The Troubles

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I decided to read Say Nothing: A True Story of Murder and Mystery in Northern Ireland, by New Yorker staff writer Patrick Radden Keefe, because a recently solved forty-year murder mystery sounded intriguing. Also, I wanted to learn something about Northern Ireland. Much of the discussion around Brexit brings up the Ireland/Northern Ireland border as a flashpoint. Why? What is the big deal about that border?

Dolours (L) and Marian(R)

The book focuses on Dolours Price and her sister Marian. When The Troubles started in early 1969, I was 21 years old. Dolours was a couple of years younger than I. Marian was even younger. A picture of the sisters show them in jeans and mini skirt. Their photo reminds me of my Catholic high school friends — fresh-faced, full of the future.

Suzanne, Susie and me at Xavier H.S. for Girls

I remember the late ‘60s and 70s as heady times. There was a great heaving movement of youth.Young people integrated public spaces and registered voters in the South. American athletes raised the Black Power salute at the Mexico City Olympics. Students at scores of universities held sit-ins and other demonstrations against the Vietnam War. Women formed consciousness raising groups and read Our Bodies Ourselves. We took the Pill. There was Woodstock, the Summer of Love and communal living. Liberation was the byword. 

In Northern Ireland, young Catholics re-ignited the fight to rid Northern Ireland of British rule, to unite the island under the Irish flag. They formed the Provisional Irish Republican Army (IRA), a paramilitary group, to seize power when peaceful protests failed. Sometimes with them and sometimes against them were the old timers of the traditional IRA, who won Irish independence in the 1920s. Those loyal to the British formed their own paramilitaries. Also in the mix were the Northern Irish police, and later, the British army. The fighting lasted nearly three decades: Protestant vs Catholic, Loyalist vs. Republican, British vs Irish, old IRA vs Provo IRA. The conflict was also economic. Catholics were kept out of government and top jobs.

The de facto segregation and unequal treatment of the Catholic minority was brought home to me in an unexpected way this summer. Bill and I were watching the British Open Golf Tournament, held this year in Northern Ireland. Two people we had watched for years, David Feherty, the sports writer, and Darren Clarke, a pro golfer, both Northern Irish Protestants old enough to remember The Troubles, talked about the segregation by religion. Both said that if it weren’t for golf, they would know no Catholics. 

Like the catalyzing forces of the assassinations of Martin Luther King and Robert Kennedy and the violence at the Democratic convention, the Price sisters were radicalized when a peaceful march for Catholic rights was viciously attacked by loyalists at Burntollet Bridge. A while later, Dolours and Marian joined the newly formed Provisional Irish Republican Army.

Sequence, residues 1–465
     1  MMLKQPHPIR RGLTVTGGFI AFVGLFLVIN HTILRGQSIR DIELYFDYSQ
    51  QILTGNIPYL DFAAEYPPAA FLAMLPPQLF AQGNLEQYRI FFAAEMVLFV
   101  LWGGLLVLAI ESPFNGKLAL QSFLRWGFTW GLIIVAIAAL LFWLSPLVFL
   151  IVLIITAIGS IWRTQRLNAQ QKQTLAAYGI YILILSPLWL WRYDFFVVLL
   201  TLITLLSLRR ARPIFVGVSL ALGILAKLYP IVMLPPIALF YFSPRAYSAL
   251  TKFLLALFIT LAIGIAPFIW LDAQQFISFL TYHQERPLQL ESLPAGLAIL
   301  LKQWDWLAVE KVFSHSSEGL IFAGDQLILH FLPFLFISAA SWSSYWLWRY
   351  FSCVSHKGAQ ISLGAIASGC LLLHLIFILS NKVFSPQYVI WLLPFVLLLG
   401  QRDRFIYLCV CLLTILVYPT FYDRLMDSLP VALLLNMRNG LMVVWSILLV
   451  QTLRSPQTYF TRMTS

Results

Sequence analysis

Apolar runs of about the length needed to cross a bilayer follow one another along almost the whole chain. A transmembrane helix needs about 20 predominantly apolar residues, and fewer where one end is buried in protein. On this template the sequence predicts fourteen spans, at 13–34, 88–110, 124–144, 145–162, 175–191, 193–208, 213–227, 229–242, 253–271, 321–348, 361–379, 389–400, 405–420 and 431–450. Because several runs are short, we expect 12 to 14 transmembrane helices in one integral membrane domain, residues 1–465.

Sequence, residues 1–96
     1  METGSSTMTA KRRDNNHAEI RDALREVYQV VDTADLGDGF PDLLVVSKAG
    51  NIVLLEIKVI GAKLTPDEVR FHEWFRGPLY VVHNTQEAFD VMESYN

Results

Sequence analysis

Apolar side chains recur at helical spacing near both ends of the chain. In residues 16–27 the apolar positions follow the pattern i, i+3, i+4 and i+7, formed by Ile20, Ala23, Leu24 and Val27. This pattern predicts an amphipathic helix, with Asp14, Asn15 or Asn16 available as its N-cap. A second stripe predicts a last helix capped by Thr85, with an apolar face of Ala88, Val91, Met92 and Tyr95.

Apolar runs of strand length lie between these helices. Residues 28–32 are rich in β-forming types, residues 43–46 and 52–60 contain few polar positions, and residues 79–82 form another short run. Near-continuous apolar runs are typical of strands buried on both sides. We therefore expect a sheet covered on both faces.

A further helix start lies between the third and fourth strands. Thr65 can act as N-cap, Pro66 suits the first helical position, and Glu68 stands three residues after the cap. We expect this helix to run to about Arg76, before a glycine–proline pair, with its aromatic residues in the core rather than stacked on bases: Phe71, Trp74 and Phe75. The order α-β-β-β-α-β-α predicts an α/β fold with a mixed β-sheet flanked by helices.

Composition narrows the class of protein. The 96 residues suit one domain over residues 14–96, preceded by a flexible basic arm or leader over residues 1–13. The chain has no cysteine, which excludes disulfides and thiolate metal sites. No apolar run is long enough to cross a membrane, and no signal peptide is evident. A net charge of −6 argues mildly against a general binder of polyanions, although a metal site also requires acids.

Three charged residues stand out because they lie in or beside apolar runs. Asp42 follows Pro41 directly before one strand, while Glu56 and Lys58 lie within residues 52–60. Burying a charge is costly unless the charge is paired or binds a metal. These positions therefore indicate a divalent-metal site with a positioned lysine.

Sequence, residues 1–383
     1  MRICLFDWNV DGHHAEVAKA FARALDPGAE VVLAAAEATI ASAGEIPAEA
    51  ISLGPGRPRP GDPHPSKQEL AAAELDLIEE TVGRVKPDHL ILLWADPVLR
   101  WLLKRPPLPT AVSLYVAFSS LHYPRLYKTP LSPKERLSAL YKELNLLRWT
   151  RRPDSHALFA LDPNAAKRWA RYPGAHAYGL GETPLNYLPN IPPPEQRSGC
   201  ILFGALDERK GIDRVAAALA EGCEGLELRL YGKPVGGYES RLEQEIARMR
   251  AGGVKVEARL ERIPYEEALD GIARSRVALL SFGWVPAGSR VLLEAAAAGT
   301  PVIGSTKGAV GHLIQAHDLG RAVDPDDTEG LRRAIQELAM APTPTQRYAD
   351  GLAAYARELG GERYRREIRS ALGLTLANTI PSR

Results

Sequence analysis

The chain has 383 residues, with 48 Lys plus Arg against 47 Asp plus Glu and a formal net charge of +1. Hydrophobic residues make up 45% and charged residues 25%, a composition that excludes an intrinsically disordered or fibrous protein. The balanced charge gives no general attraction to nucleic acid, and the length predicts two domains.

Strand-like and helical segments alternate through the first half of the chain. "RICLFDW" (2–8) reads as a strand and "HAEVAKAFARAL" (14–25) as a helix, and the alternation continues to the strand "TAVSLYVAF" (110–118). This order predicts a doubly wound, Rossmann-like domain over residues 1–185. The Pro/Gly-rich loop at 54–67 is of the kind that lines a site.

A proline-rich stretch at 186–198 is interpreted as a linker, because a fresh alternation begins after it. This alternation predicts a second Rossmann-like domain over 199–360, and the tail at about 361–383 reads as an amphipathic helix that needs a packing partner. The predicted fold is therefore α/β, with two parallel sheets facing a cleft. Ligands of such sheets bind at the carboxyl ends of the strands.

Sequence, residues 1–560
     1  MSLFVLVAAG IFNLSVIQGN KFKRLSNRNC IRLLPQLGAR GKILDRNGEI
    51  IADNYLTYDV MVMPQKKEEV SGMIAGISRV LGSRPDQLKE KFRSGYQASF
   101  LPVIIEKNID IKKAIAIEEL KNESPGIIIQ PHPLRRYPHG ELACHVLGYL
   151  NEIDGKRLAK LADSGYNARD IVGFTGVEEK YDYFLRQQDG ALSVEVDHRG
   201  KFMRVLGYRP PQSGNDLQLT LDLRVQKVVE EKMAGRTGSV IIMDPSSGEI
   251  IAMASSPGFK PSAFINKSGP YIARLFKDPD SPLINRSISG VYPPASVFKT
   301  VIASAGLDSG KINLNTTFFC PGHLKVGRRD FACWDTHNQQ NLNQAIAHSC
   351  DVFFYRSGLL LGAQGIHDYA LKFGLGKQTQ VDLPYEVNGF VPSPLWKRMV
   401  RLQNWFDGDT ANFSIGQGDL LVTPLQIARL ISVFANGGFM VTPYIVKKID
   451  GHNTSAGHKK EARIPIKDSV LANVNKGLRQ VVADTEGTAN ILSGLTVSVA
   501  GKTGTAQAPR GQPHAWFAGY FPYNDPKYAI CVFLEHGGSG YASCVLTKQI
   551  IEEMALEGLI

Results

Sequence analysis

The tactics included assassinations, kidnappings and bombings. Some of the murdered were dumped in the streets as a warning. Others were “disappeared,” kidnapped and buried with no one knowing that person’s fate. Retaliation included prison, being shot by the police or by paramilitaries or by British soldiers. The worst sin wasn’t being the enemy but being an informer or “tout.”. As it turned out, people betrayed their own side with alarming regularity, and thus, the aptness and irony of the book’s title, Say Nothing.

As a member of the Provisional IRA, Dolours Price “had no intention of being relegated to a supporting role…she wanted to do exactly the same work that a man would do.” She got her wish and was swept into the spiraling violence. She killed people. She set bombs. She did jail time. She went on a hunger strike and was forcibly fed. 

Dolours died of an accidental overdose in 2013 at the age of 62. Because of the physical and psychic toll of her IRA activities, and because there was no resolution or reconciliation after three decades of fighting, it felt to me like she could never outrun the consequence of youthful decisions. 

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For me, my life in the 70s feels like someone else’s life. I rode in the middle seat of a friend’s Ford Pinto to one of the big anti War marches in Washington. I handed out leaflets and was told by a young man to “Go back to where you came from.” I did not burn down the Washington University ROTC building, despite Bill’s joking claim. I lived in a commune. I farmed for the first — and last — time. My response to gender equality was to go to medical school. 

My political leanings haven’t changed much, but I support them with checks these days. And climate change has taken the place of the anti-War fervor.

Reading Say Nothing, made me wonder. What if I had chosen a more radical route? What I had fallen under the thrall of some charismatic leader, like Gerry Adams for Dolours? I remember that feeling that all things were possible, the thrill of making a difference. Some in our country did turn to violence and made decisions that turned out to be irrevocable: the Weather Underground, the Symbionese Liberation Army, the Black Panthers. 

The official end of The Troubles, the Good Friday Accords, did not resolve much, legally, morally and most of all, emotionally. Northern Ireland sits like a scab that could break open at any time. And that murder mystery? By the time the big reveal came, I had given up caring. By that time, nothing could make up for the lost lives, the warped survivors, the grieving families, the orphans, the betrayals, the suffering. 

Tell me: What were your young adult passions?

By Cathy Luh

I am a doctor, a writer and Grammy to Edin and Caleb. I live in St. Louis with husband Bill.

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